The Pandemic of Human Nature Isn’t Over (Yet)

And the Actual Pandemic Is Pretty Bad, Too.

CJ Green / 6.22.21

In her newest song, “Solar Power,” Lorde refers to herself as “like a prettier Jesus.” I suppose she’s alluding to her long tangle of brown hair, but perhaps, too, she’s saying she’s preparing to be crucified. Okay, fine. I’ll get my hammer.

The video is like the worst of Instagram. It features a crowd of slim, healthy twenty-somethings dancing on a nondescript beach. Lorde scampers about, dressed like the sun and proclaiming the end of suffering. “Forget all the tears you’ve cried,” she sings in that slippery register between celebration and command. “It’s over, over, over / It’s a new state of mind.”

To be clear, I’m one of the last people who wants to crucify Lorde. Ever since she was a surly teen talking it up on the tennis court like yeah, I have been a fan. Her first album was the kind that you could put in your ears at 3AM while finishing a theology paper: loud, brooding, existential. Her second stirred a similar affection: it’s fun, but the kind of fun you might have in the midst of everything going wrong, a sort of crack-up. Very relatable — to me.

That’s why this new piece of work is so jarring. The song makes no direct mention of the pandemic, though it seems designed to become a kind of 2021 summer anthem. It’s about going outside after a long winter indoors. It’s about the power of the sun to revive one’s spirits. It fits right alongside Whole Foods’ marketing about how “summer took a year off, but now it’s back.”

But it feels like the wrong time to sing that hardship is “over, over, over.” A year and a half into the pandemic, we have begun trying to tell the story of it, and one popular version is of triumph. It’s as if the pandemic weren’t a major disintegration of everything we thought we could put our faith in but a mere detour. Or maybe we use the language of incarceration: we “did time,” and now we’re free. One celebrity noted recently that, in isolation, “[e]veryone I know has gone through an internal transformation.”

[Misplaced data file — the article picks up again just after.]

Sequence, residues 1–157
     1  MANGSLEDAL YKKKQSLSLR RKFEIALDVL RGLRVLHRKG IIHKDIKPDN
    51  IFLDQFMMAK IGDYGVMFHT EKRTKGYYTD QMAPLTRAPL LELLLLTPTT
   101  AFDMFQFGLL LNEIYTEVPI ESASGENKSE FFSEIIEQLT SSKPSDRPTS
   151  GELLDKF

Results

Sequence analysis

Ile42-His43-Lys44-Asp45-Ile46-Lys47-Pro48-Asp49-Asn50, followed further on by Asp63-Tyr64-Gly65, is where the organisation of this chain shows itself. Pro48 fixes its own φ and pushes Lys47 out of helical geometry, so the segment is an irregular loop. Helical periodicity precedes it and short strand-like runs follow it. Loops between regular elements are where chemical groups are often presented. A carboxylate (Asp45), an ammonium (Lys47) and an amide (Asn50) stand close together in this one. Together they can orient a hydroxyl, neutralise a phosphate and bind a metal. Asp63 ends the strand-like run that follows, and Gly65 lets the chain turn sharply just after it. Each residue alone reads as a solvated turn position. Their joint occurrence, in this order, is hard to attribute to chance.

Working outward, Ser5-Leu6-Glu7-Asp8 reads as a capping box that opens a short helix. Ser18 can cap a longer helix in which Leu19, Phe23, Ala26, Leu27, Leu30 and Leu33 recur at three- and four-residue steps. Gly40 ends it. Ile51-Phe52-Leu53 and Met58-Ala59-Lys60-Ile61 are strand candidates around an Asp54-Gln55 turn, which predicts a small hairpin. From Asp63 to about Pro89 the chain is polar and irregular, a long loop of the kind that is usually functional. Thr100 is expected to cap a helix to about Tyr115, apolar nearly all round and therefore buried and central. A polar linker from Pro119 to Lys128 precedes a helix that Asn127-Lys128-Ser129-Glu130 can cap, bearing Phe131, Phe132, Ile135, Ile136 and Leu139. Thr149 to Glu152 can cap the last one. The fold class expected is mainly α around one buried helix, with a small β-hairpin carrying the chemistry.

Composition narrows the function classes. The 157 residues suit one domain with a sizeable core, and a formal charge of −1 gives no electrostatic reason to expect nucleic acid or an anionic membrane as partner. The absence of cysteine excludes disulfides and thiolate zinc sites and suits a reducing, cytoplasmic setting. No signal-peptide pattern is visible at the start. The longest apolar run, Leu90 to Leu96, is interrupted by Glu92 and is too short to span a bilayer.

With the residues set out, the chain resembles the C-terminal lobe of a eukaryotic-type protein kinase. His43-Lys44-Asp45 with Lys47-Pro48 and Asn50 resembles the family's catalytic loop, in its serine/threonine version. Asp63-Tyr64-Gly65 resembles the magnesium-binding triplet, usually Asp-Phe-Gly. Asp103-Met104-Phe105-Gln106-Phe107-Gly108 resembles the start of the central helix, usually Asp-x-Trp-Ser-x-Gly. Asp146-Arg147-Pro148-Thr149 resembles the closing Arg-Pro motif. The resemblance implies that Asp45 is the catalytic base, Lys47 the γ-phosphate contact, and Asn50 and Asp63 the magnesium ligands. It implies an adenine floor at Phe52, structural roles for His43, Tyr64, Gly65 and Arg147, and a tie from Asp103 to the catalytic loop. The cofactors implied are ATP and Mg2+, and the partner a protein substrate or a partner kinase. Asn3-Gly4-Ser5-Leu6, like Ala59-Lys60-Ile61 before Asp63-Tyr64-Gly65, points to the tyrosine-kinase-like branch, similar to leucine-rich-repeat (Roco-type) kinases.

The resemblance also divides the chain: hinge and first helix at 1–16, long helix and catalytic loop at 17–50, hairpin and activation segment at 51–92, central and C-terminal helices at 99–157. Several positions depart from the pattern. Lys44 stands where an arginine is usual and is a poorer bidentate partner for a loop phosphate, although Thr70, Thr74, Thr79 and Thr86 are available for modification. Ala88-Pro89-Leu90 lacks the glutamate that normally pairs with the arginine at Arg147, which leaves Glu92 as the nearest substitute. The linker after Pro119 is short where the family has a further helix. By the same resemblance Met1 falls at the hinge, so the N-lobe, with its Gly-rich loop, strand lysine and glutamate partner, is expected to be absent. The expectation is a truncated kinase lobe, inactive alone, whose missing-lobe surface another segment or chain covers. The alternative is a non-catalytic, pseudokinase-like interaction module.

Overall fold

This all sounds a little desperate to me. Right now, as R-J recently said on the Mockingcast, “There is a tremendous amount of pressure to be happy.” The number of internal transformations I have witnessed is none. When it comes to the effects of the pandemic, everyone I know is either annoyed, tired, struggling like never before with alcoholism, or barely surviving an eating disorder that was cultivated in isolation. Relationships have been strained by distance. The pandemic of human nature, at least, is as viral as ever. And the actual pandemic is pretty bad, too.

At the New York Times, Spencer Bokat-Lindell recently penned a perceptive op-ed urging readers to stop saying “post-pandemic”: “The coronavirus may be receding in New York and Toronto and Tel Aviv, but for much of the world it is a more fearsome threat than ever.” In the words of one global health director, “We’re not talking about any immediate help for India or Latin America or other countries going through an enormous spread of the virus.”

The Guardian reports a “silent decimation” in Paraguay, where last week the number of deaths was outpacing even India. Today, there is a surge in Colombia. Meanwhile, the occupants of wealthy countries are relieved to be “getting back to normal.” This is particularly depressing when you recall that the “normal” we are welcoming back was marked in its own ways by pain and death.

My point is not that Lorde and others should never go carefree to a beach. If you’re able to muster gratitude for life amidst a pandemic, more power to you.

But the victorious messaging, I think, will seem regrettable in time. Not only because of the present suffering of our brothers and sisters worldwide but also because our brothers and sisters within 25 feet — you, yourself! — may still be suffering immeasurably. Performative celebration smacks of either denial or hopelessness. Perhaps things are so bad that we should just drink and dance and not think too hard.

This, ironically, is when the crucifix becomes the last great symbol of hope, at least for me. The visage of a bound, dying man is an image of the truth — an admission of the potent reality of sin and death — while also a promise that God, the creator and omnipotent lover of our souls, knows our pain and carved a way through it. To see Him suffering torture and death … it’s one of the very few things a truly suffering person can cling to.

Bonhoeffer wrote that “within the fellowship of Christ’s suffering, suffering is overcome by suffering, and becomes the way to communion with God.” The cross is where God meets humankind. Jesus may not have been as pretty as Lorde, but he does assure us that one day our suffering will be “over, over, over.” Perhaps one day He will meet us on a beach, but not yet.